2017 Pew data reminds us why ‘Christian Nation’ meme survives

2017 Pew data reminds us why ‘Christian Nation’ meme survives November 7, 2019

Not to belabor the obvious, but, rationally speaking, the United States is not a Christian nation.

christian nation controversy america pew
Grant Woods’ iconic 1930 painting “American Gothic,” with church-style window in farmhouse in background. (Andrew Comings, Flikr, CC BY 2.0)

Ours is a nation encompassing many different religions, and the Constitution explicitly demands that all religions be respected and none be in control of, or controlled by, government.

But, of course, Americans have their own ideas, often unmoored by facts or the clear intentions of the nation’s Enlightenment-influenced founders, who envisioned a people governed equally and rationally under a secular republic, not a theocracy.

Yesterday, I learned that this traditional American perversity — a widespread but faux bias that we are, in fact, a “Christian Nation” — is worse than I thought.

I learned this in a 2017 article in the British news website Church and State, an initiative of the nonprofit Network for Church Monitoring (N4CM), titled “Study: Third of U.S. Says Being Christian Important to Being ‘Truly American.’”

Even though the article referenced a study by the Pew Research Center, a respected company whose data I often refer to myself, I hadn’t been aware of this jarring report when it came out a couple of years ago.

The Pew study found that 32 percent of Americans then stressed the importance of Christianity to the nation’s overall identity. Of those who said religion was important to them personally, 51 percent believed the faith was crucial to their sense of being an American.

Still, there was a fair amount of divergence.

“The public is divided over whether one has to be Christian in order to be considered American, with roughly a third saying it is very important and another third saying it is not at all important,” Pew said its research showed.

Responses in the survey cleaved along generational, political and gender divides. For example, Church and State reported, the Pew survey showed 43 percent of Republicans giving great weight to Americans being Christian, whereas only 29 percent of Democrats did. Also, Americans older than 50 were more likely to share that dominant GOP view compared to citizens 35 and under.

For me, the main takeaway from these findings, assuming that probably not much has changed from two years ago because attitudes of committed Christians have not much changed, is that this “Christian Nation” meme will not soon dissipate and will continue to distort American politics.

Indeed, in the past month alone, we’ve seen signs it is emboldening believers, particularly in government and among those who try to manipulate society along evangelical lines. In October, Attorney General William Barr and Secretary of State Mike Pompeo, a devout Catholic and an evangelical Christian, respectively, gave public speeches in their official capacities to extoll the virtues of their faiths.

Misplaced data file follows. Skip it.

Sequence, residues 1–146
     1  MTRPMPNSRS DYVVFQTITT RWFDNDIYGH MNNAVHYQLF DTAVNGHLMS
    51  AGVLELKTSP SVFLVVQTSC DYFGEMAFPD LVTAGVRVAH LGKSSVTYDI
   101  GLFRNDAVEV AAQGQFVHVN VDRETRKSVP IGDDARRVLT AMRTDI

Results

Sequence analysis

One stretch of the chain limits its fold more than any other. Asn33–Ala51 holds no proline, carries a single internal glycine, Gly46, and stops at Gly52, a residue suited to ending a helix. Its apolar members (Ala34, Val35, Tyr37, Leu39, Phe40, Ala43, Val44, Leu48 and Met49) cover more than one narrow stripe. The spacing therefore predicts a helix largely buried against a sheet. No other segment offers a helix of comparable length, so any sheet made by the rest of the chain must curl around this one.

So, this fervent idea that the Christian God smiles directly on America is becoming more and more politically and culturally pernicious, as top government officials routinely sermonize in their official capacities and Christianity is insinuated into schools in the form of extracurricular Bible-study clubs, etc. Note that students in those clubs — most commonly the national evangelical Good News Clubs — use members to proselytize to and recruit other students during and after school hours.

The discriminatory implications are clear of this kind of sectarian thinking and activism in America, certainly among atheists, agnostics and other nonreligious or religiously apathetic “nones,” but also among non-Christian religions.

Ibrahim Hooper, communications director of the Council on American-Islamic Relations Communications Director Ibrahim Hooper, said American Muslims face “an increasingly negative perception” in the current U.S. political milieu. Although the Pew study’s results were unsurprising to him, Hooper told Church and State that the reality is the U.S. is “a religiously diverse nation of many faiths. To be truly American, he said, Americans “should be accepting of all faiths.”

To put American exceptionalist Christian views in context, the Pew report noted that only 7 percent of Swedish citizens, 10 percent of French respondents and 15 percent of Canadians stressed that being Christian was an important part of their nationality. For Greeks, though, the proportion was 54 percent.

Particularly concerning in the current nationalism-nativism-white supremacism-infused moment in American history, the Pew study also indicated that the same proportion of respondents who believed in the critical importance of Christianity in U.S. identity also believed being native-born was “truly important” to that national sense of identity.

The sense of the importance of being native-born was most pronounced among older Americans with a high-school diploma or less education, Pew reported.

Let’s continue to hope, religion-wise, that how the young go now, the nation will trend in the future.


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